One in four primaries has no male teachers

More than one in four state primary schools in England has no male teachers, new findings from the General Teaching Council for England (GTCE) show.

The figures have emerged amid concerns about boys lacking male role models as increasing numbers of children are born into fatherless households.

The GTCE figures also show that 25 per cent of registered teachers are men, with most in secondary schools and further education.

Professor Alan Smithers, Director of the Centre for Education and Employment Research at Buckingham University, expressed disappointment at the findings.

He said: “It’s a sad comment on society that more men aren’t attracted into teaching in primary schools.

Professor Smithers added: “There’s a danger that boys could grow up thinking that education is sissy.

“When it comes to reading, they might be offered what appeals to the female teachers whereas male teachers often have different interests in reading.

“Similarly, in interpreting what’s been read, there are distinct male and female points of view. Both these views need to be offered to boys.”

The General Teaching Council for England Chief Executive, Keith Bartley, said: “We should focus on attracting the best recruits to teaching, regardless of gender.

“If men do not believe that teaching is a worthwhile career option for them, or worse still, if their interest in teaching is viewed with suspicion, then children potentially miss out on a huge pool of talent.”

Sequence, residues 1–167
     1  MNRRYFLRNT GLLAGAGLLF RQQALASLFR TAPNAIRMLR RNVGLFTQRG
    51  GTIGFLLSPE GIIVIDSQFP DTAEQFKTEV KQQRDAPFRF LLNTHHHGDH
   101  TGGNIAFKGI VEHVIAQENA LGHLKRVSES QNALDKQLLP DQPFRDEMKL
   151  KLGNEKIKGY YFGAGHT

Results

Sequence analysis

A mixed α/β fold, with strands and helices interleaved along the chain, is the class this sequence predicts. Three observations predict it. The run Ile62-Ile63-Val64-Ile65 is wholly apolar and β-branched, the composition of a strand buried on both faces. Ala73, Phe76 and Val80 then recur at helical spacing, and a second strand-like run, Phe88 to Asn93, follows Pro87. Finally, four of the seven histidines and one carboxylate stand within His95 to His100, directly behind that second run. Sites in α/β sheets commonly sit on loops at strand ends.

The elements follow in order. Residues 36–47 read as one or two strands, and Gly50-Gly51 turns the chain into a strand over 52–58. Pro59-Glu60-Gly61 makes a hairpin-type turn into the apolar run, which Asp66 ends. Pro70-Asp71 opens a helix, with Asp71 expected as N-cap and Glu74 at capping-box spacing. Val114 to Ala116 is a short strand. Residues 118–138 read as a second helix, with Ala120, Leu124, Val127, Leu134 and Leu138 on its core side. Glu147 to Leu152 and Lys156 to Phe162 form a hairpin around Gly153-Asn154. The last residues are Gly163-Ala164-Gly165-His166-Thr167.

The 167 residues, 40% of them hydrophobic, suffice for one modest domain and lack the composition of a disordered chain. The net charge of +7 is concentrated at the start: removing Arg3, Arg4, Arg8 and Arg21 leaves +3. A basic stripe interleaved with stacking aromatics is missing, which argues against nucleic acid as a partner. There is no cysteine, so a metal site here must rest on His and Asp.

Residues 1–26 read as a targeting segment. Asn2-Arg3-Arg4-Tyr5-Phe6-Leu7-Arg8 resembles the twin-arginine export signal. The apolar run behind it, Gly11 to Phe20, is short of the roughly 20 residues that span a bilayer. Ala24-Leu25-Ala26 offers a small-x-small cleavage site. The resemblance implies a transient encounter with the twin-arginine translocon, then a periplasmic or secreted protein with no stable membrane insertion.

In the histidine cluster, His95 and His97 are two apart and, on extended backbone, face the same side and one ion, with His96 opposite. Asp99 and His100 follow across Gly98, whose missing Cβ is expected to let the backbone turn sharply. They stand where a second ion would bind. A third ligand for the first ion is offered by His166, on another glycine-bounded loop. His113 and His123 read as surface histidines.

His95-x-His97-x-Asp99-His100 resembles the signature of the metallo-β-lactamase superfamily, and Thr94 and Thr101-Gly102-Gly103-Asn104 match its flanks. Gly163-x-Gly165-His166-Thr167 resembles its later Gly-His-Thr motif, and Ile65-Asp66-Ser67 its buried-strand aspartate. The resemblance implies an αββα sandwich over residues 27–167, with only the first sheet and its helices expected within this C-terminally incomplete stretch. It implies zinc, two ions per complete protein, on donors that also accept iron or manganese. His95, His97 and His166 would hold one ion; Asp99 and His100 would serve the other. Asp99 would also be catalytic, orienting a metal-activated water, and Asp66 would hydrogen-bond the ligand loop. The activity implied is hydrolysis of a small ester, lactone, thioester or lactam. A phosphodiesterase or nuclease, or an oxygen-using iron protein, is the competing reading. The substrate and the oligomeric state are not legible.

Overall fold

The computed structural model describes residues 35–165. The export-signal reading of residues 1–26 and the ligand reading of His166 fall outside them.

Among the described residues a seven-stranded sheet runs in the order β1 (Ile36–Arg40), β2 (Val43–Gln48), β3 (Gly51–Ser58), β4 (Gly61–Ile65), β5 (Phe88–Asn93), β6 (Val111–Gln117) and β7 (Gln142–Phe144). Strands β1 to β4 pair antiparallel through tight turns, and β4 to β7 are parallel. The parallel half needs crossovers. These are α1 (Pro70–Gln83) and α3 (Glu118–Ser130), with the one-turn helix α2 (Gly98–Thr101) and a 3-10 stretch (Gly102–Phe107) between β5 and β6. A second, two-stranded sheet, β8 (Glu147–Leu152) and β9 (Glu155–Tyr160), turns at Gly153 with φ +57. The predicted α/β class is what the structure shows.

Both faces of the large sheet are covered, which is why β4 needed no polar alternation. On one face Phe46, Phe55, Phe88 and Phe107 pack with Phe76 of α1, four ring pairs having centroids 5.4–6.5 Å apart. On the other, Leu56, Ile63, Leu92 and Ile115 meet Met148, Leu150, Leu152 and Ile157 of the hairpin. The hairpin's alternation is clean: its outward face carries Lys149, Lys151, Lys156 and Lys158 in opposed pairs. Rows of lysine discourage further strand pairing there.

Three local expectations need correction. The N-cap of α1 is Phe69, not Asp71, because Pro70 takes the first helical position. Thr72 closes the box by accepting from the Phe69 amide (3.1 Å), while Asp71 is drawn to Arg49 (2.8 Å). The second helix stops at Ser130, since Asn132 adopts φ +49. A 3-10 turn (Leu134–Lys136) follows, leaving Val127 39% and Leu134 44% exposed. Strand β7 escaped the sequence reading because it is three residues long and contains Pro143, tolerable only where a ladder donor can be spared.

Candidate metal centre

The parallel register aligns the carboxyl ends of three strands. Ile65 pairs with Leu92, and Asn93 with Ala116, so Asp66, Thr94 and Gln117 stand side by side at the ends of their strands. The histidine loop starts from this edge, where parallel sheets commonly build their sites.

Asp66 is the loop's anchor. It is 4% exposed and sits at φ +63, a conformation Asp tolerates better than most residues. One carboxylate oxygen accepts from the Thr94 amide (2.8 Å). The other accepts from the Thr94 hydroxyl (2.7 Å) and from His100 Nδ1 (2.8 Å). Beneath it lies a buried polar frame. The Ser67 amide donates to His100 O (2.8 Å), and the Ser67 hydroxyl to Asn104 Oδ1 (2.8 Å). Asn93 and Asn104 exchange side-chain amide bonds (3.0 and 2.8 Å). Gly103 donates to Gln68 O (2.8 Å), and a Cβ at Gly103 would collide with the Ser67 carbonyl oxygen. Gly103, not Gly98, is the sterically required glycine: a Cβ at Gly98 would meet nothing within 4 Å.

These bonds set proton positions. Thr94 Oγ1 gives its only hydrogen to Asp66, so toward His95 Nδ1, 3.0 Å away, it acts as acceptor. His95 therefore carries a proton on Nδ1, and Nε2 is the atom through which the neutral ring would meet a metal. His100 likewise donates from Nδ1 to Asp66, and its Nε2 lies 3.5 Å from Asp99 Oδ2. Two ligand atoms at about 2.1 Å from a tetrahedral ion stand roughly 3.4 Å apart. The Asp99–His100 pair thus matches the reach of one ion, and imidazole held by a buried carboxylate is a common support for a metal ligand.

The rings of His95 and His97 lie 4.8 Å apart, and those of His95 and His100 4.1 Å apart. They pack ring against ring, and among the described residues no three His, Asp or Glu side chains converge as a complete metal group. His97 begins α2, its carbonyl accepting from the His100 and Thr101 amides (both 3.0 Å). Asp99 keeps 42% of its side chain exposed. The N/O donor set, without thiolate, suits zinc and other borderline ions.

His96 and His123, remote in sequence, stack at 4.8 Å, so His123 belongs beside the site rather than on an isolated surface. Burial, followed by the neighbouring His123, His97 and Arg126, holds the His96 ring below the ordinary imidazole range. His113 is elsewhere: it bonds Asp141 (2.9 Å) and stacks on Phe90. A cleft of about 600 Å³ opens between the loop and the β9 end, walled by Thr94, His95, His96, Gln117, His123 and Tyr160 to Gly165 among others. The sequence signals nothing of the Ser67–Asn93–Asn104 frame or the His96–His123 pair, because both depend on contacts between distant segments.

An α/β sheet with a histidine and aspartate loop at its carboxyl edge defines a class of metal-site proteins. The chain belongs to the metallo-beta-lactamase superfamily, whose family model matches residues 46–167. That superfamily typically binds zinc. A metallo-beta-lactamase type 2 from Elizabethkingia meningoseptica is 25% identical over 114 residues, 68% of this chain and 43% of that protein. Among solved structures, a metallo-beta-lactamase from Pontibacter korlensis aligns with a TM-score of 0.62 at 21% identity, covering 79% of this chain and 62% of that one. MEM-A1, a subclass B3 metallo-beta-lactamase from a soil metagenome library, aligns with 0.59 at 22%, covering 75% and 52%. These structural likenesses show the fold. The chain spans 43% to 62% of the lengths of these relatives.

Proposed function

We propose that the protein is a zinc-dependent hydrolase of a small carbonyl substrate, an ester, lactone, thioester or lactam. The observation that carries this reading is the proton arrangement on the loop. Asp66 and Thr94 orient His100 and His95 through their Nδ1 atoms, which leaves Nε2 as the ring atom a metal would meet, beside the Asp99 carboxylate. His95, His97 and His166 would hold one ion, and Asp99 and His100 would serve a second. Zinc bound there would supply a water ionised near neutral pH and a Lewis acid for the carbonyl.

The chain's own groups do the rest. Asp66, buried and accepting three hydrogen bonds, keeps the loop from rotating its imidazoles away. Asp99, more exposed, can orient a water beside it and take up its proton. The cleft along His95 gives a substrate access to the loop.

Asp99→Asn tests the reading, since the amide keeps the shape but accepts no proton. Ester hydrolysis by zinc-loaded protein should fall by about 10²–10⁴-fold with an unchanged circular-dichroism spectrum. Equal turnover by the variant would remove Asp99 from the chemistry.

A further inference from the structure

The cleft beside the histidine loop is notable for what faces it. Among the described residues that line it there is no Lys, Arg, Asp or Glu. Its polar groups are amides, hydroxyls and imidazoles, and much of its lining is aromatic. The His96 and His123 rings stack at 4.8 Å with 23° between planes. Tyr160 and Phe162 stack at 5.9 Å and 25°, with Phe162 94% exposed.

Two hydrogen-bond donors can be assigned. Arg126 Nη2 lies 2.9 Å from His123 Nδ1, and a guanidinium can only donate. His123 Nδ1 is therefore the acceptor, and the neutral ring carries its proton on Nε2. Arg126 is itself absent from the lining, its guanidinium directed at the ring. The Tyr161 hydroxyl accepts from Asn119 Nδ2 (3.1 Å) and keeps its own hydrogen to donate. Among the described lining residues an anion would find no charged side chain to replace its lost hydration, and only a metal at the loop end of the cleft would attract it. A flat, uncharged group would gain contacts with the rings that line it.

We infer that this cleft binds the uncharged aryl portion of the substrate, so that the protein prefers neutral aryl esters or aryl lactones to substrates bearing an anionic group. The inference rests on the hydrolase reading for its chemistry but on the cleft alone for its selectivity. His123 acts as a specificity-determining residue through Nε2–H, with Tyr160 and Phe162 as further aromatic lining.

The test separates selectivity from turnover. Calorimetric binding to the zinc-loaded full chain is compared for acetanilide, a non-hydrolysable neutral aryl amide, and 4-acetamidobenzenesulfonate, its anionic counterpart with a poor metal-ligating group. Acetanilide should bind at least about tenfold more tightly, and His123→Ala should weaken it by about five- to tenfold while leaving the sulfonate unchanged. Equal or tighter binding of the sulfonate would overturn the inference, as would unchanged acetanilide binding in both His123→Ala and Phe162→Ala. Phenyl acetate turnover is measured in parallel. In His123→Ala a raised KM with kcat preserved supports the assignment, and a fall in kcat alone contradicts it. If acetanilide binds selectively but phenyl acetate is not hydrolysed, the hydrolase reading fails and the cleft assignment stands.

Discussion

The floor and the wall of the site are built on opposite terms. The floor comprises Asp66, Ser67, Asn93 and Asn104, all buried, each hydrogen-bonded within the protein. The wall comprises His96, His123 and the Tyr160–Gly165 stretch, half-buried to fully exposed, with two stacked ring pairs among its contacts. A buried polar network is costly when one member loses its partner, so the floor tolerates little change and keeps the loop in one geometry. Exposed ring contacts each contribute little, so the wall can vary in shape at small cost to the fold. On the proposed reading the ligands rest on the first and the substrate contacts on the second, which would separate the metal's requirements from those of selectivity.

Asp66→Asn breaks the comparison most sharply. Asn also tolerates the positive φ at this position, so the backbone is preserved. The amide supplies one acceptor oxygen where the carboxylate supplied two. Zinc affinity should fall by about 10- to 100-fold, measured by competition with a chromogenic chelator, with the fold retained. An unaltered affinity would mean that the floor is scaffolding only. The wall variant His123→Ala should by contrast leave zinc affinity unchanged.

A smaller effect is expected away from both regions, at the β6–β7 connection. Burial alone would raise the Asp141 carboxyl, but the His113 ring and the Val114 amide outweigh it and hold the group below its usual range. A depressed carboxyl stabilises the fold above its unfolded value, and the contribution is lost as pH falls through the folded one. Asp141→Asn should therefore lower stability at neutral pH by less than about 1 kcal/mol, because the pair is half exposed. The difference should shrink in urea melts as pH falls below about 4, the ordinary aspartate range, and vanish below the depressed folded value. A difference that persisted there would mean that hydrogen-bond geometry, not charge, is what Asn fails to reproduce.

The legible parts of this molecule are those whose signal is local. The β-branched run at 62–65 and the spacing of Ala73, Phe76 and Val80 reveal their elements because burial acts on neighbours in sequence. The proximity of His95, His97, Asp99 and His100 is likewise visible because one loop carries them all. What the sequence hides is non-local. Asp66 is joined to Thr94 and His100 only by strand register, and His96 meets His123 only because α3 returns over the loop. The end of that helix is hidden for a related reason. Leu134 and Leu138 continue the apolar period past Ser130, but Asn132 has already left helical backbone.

Only 123,827 of the 490,981 registered working teachers are men with the majority in secondary schools and further education.

More than a quarter of primary schools in England have no male teachers at all.

On Monday the Daily Mail reported that many disadvantaged boys were growing up without male role models to teach them how to behave.

An investigation by Harriet Sergeant concluded that the state was taking the place of fathers as the family’s main provider.

One young man who had recently been released from prison said: “If I had a father, I would have got a good hiding and I probably wouldn’t be here now”.

Harriet Sergeant added: “This year, according to the latest research, one in three children who live with a single mother will spend less than six hours a week with a male role model – whether a father figure, relative or teacher.”

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